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How to get ready for your first home closing

This is the American Dream: make sure you're prepared.

Scott Gamm
by Scott Gamm, MainStreet contributor (@ScottGamm)

First-time homebuyers get stress from searching for the ideal place, securing a mortgage and moving in, but the closing adds even more drama to the process.

Even though home closings don’t usually last more than a few hours, showing up unprepared and not having a sense of what’s expected from you could delay your move-in date or even cause the closing to adjourn.

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Real estate experts explain it all here — what you need to bring, what documents you should take home with you and even how to make the move-in process more seamless:

1. Identification. Chances are you’ll have your driver’s license with you at the closing, but you may not think to bring a second form of identification, which the notary may require.

“Notaries must have identification and notaries are required at all signings. I recommend bringing two forms of ID, such as a license and passport,” says real estate expert Dani Babb of The Babb Group.

2. Blank checks for unexpected escrow items. Don’t leave your checkbook at home; it'll cause plenty of headaches.

“While escrow aims to have all files and payments made ahead of time, it's not uncommon for expenses to pop up at the closing that the buyer is responsible for paying," Babb says. "Sometimes organizations want to be paid by the buyer, instead of being paid from the escrow account."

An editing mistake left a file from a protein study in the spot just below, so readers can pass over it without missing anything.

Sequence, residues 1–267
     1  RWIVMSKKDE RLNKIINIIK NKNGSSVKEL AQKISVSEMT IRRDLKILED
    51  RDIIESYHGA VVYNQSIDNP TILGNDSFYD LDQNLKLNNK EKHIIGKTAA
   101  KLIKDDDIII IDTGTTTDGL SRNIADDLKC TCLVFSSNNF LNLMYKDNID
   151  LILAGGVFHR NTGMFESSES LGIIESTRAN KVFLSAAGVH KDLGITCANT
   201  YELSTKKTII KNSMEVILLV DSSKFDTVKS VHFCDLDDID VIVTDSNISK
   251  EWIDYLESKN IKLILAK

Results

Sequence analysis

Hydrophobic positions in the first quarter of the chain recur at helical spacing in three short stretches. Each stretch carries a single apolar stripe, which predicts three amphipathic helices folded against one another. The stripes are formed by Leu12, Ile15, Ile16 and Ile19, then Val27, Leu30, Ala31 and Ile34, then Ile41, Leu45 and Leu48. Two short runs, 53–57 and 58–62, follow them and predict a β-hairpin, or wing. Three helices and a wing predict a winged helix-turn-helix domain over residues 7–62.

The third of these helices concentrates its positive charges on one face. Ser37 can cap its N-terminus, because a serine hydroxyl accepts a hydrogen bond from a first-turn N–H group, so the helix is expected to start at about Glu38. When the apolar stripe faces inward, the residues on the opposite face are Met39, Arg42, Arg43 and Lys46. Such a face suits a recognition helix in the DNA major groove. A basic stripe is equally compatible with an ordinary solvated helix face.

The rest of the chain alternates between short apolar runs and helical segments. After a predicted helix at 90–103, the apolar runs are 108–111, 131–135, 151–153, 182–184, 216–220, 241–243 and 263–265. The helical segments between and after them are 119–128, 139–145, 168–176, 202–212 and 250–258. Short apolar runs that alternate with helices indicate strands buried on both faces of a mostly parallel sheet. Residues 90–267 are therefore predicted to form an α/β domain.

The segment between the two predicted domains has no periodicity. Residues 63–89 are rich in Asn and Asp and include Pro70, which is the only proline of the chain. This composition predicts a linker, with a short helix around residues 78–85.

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3. Utility companies. It’s up to you to make for a seamless transition when it comes to keeping the utilities running and setting up cable service when you move into a home.

“Have the names and phone numbers of the new home’s utility companies handy in order to transfer the utilities from the seller to the buyer for continuous service,” says Marie Donnelly, licensed real estate agent and vice president at The Donnelly Group.

Call each company a few days in advance to make for a smoother transition. Donnelly says some companies want proof of ownership before they transfer service. Make sure you have documentation ready to send to the utilities.

4. Copies of paperwork. Closing dates aren’t set in stone, and there are myriad reasons why the date could get changed.

“If a closing date is off by one day, the amount of interest that is paid on closing changes," Babb says. "This is one example of information/documentation you will want with you in case a question comes up or information is in question. Having a copy of everything you have paid so far is helpful in case you see another charge for the same thing on escrow paperwork."

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5. HUD statement. Don’t leave your closing without getting a copy of the U.S. Department of Housing and Urban Development statement, which is important for tax purposes. Also, be sure to hold onto documentation regarding the STAR program, which is a tax rebate process.

“The HUD provides a breakdown of closing costs incurred at the closing and some of these expenses are tax deductible. The STAR program is a tax rebate that you need to apply for, hence the need for having the proper documentation,” Donnelly adds.